Diarrhea in dogs and cats: cause and treatment of this indelicate subject

When your dog or cat has diarrhea, you want to know why and have the information on what to do and how to treat it. Most cases of acute diarrhea can be managed at home if symptoms respond well to minimal treatment. Tests to determine origin are unnecessary. Keep children away from sick dogs, clean up messes carefully, and wash thoroughly after handling sick dogs.

Dogs often have bouts of acute diarrhea.

Acute diarrhea is when the dog has abnormal stools that are softer than normal, watery, soft in shape, or loose with an abnormal color or very foul-smelling; or when the dog strains to defecate and only expels gases.

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There are effective natural remedies to support firm, healthy stools and keep “stomachs stable”, promoting healthy digestion and bowel function, as well as healthy digestive gas levels in dogs and cats. Natural treatments for cat and dog diarrhea include probiotics, glutamine, and herbs like slippery elm and plantains.

Diarrhea can be the result of sudden changes in the dog’s or cat’s diet, or when the pet eats something that it cannot absorb. It can result from motion sickness or travel stress. Other causes include pancreatitis, parasites such as Giardia Protozoa and Coccidia (very common invaders of puppies and kittens), coccidioidomycosis (valley fever), feline distemper virus, bacteria, toxins, and antibiotics. When dogs are not supervised, they are prone to ingesting things, such as sticks, stones, and various objects that do not agree with them. The result can be a dog with a case of diarrhea. Don’t be alarmed if your dog is reasonably well behaved; In most cases, dog diarrhea is a healthy reaction to help him heal, not a disease.

It also wouldn’t be unusual for a dog (or anyone else) with diarrhea to feel “unwell,” so your dog may seem a bit “off” until the diarrhea resolves. Acute small bowel diarrhea can be controlled without feeding for 24 to 48 hours, but water should be given, and adding a probiotic powder to the dog’s water is beneficial.

If diarrhea stops, feed small amounts of bland, low-fat foods 3-6 times a day for a few days, such as homemade boiled hamburgers, cottage cheese, tofu with boiled rice, and 100% pure canned pumpkin (NOT pumpkin pie). stuffed with sugars and spices). Most dogs love the taste of pumpkin. Pumpkin is a unique fiber that regulates the intestine. Keep in mind that it will color the stool. Foods designed as intestinal diets often contain rice, which is more digestible than other grains. Gradually increase the amount fed in the transition to the pet’s normal diet.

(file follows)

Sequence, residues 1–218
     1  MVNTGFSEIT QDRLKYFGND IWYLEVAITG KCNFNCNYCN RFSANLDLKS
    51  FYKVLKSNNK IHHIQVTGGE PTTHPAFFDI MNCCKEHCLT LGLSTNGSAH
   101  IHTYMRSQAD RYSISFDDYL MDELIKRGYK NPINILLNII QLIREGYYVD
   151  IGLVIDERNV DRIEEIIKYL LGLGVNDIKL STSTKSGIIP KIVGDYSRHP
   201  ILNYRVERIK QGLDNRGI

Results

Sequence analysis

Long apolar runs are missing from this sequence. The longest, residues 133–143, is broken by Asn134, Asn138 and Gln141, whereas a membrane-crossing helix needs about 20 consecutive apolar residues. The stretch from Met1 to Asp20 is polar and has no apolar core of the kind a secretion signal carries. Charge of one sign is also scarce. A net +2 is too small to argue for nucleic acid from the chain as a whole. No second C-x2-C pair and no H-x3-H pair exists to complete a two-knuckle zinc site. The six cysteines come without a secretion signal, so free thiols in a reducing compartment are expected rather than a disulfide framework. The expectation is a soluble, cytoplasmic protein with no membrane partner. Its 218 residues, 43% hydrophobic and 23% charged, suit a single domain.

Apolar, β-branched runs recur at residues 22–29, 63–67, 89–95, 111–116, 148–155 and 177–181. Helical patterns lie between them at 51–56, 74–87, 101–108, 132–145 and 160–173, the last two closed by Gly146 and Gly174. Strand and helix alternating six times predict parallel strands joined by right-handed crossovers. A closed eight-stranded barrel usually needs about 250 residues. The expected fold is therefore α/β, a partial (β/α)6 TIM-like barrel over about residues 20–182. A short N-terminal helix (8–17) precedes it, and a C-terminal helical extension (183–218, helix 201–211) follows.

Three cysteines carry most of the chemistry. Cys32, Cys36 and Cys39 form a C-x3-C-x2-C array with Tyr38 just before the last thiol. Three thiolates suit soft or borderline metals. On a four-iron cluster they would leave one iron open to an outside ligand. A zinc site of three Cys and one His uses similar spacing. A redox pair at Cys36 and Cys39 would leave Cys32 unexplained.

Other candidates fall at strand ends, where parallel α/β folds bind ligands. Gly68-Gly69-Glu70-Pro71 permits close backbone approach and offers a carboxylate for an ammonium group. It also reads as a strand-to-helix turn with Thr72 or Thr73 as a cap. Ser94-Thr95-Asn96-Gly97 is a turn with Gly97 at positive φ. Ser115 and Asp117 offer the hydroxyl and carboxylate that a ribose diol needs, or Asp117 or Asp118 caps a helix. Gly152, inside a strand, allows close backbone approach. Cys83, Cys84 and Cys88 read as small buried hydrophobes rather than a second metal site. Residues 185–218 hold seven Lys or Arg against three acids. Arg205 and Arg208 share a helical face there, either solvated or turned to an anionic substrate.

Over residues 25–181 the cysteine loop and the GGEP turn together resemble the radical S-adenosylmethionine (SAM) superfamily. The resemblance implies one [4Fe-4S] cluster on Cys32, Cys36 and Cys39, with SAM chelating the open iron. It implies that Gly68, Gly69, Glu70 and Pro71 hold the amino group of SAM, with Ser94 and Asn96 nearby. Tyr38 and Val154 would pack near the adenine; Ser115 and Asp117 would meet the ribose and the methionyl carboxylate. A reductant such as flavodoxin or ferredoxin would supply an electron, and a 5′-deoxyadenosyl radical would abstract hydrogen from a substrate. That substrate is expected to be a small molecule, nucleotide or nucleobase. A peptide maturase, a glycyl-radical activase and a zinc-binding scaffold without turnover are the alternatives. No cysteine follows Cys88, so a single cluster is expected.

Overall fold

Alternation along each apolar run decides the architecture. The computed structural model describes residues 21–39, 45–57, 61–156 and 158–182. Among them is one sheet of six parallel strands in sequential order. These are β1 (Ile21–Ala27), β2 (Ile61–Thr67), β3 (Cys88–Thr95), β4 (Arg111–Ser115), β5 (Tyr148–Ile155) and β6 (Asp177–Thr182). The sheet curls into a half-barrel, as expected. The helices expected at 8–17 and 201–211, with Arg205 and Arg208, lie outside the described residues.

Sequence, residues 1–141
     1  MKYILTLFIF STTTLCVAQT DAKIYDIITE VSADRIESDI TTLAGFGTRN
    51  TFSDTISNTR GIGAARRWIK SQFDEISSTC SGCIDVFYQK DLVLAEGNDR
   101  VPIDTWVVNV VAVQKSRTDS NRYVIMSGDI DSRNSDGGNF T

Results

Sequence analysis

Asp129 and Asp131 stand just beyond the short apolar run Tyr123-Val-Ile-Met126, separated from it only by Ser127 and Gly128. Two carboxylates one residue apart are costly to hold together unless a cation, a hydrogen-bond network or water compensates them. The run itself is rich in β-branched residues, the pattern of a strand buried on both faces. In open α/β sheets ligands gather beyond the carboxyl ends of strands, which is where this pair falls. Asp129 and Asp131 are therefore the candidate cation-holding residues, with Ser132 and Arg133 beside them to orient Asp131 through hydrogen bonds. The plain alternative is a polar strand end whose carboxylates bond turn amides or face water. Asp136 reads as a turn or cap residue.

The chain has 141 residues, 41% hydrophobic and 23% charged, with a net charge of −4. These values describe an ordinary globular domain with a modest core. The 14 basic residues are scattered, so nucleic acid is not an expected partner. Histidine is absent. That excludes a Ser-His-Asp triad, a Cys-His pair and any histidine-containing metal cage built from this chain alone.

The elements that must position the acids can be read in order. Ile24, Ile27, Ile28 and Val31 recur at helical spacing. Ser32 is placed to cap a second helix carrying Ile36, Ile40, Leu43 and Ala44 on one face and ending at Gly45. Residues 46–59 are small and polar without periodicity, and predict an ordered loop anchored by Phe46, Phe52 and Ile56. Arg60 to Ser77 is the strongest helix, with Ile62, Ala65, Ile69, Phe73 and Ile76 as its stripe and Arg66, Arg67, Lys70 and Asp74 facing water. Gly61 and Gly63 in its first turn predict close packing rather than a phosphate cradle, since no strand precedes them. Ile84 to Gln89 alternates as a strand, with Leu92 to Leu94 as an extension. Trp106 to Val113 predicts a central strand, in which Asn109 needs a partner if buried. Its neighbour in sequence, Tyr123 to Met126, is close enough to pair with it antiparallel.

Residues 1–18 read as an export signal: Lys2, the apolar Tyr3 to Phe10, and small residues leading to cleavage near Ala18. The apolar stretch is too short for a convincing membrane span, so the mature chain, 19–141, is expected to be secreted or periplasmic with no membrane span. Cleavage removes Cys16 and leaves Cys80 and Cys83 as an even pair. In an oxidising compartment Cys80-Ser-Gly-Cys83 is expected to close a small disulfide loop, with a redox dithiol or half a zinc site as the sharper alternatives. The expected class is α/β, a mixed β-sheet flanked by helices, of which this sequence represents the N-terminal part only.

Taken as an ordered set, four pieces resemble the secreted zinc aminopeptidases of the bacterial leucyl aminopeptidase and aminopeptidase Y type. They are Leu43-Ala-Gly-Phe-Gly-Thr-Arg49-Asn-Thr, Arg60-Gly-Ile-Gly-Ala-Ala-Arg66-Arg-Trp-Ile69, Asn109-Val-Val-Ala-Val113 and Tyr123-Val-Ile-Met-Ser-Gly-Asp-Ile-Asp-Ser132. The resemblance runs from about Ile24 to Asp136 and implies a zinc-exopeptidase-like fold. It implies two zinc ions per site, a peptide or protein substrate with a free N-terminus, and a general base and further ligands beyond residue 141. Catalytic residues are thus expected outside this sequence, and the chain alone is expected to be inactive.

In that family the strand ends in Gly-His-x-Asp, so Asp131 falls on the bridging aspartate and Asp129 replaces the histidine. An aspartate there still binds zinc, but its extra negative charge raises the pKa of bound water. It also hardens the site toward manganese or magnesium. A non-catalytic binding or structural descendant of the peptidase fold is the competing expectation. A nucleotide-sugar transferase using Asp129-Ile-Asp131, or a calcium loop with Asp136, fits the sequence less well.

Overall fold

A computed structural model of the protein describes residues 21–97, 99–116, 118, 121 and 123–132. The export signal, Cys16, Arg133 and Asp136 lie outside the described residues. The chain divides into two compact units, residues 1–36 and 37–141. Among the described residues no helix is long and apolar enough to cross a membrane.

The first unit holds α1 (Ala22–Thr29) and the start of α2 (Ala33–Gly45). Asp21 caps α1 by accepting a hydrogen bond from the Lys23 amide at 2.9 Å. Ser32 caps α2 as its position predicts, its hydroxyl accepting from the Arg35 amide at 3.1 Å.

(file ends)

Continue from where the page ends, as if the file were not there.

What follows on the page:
If your canine develops a case of diarrhea and otherwise seems active, content, and strong, you can help him bounce back to normal by making a few dietary adjustments.

Dogs that have healthy digestive systems can eat a variety of foods, and that includes raw foods, without diarrhea developing. Dogs that need a special diet to avoid diarrhea are not healthy. Do not feed hypoallergenic or soft diets to avoid diarrhea. Find out what the problem is and fix it.

The diagnosis of persistent diarrhea is critical.

Chronic diarrhea is less common and more serious, and requires more effort to correct. Diarrhea can be caused by diseases of the small intestine, large intestine, or diseases of other organs besides the intestinal tract.

If your puppy or kitten hasn’t had their vaccination series and has diarrhea, call your vet right away. A young puppy with diarrhea usually needs immediate medical attention. Diarrhea can be fatal for puppies less than 4 weeks old. Green-tinged diarrhea in puppies may indicate coccidiosis, a parasitic disease that constantly causes diarrhea. Symptoms may include refusing to eat, dehydration, weakness, and straining to have a bowel movement. Consult your vet.

Mucus in diarrhea indicates an irritated intestine. Parasites, raw pig hearts, and medical conditions can cause mucus in the stool. If the stool is bulky and continues when you think the dog should be “empty,” call your vet to help you decide whether to wait for the diarrhea to subside or to schedule an appointment to evaluate the problem. It could be a bacterial infection.

Diarrhea occurs when a buildup of dissolved substances in the intestine causes excess water to move into the intestine. This buildup may be the result of decreased absorption of food, increased secretion of electrolytes from the intestine, or both.

Diarrhea is the dog’s body purging itself of harmful or unwanted toxins.

This can be accompanied by vomiting, usually caused by an inflammation of the stomach (gastritis), which usually occurs when dogs eat grass or spoiled food. In some cases of poisoning, vomiting must be induced to clear the toxin from the system as quickly as possible.

If the diarrhea is bloody or explosive, call your vet. If your dog has a fever or obvious abdominal pain or bloating, this may indicate a serious condition. Contact your vet immediately.

Be sure to maintain your pet’s fluid intake so that he does not become dehydrated. Dogs with diarrhea can quickly become dehydrated. Provide plenty of fresh water and make sure your dog is drinking. Empty, wash and refresh the container several times a day. Add a probiotic powder to the dog’s water or food. Giving the dog yogurt is calming, but does not provide any significant beneficial bacteria.

If your pet is dehydrated, you can usually encourage them to drink with a syringe. If your dog is dehydrated and won’t drink or vomit, call your vet immediately!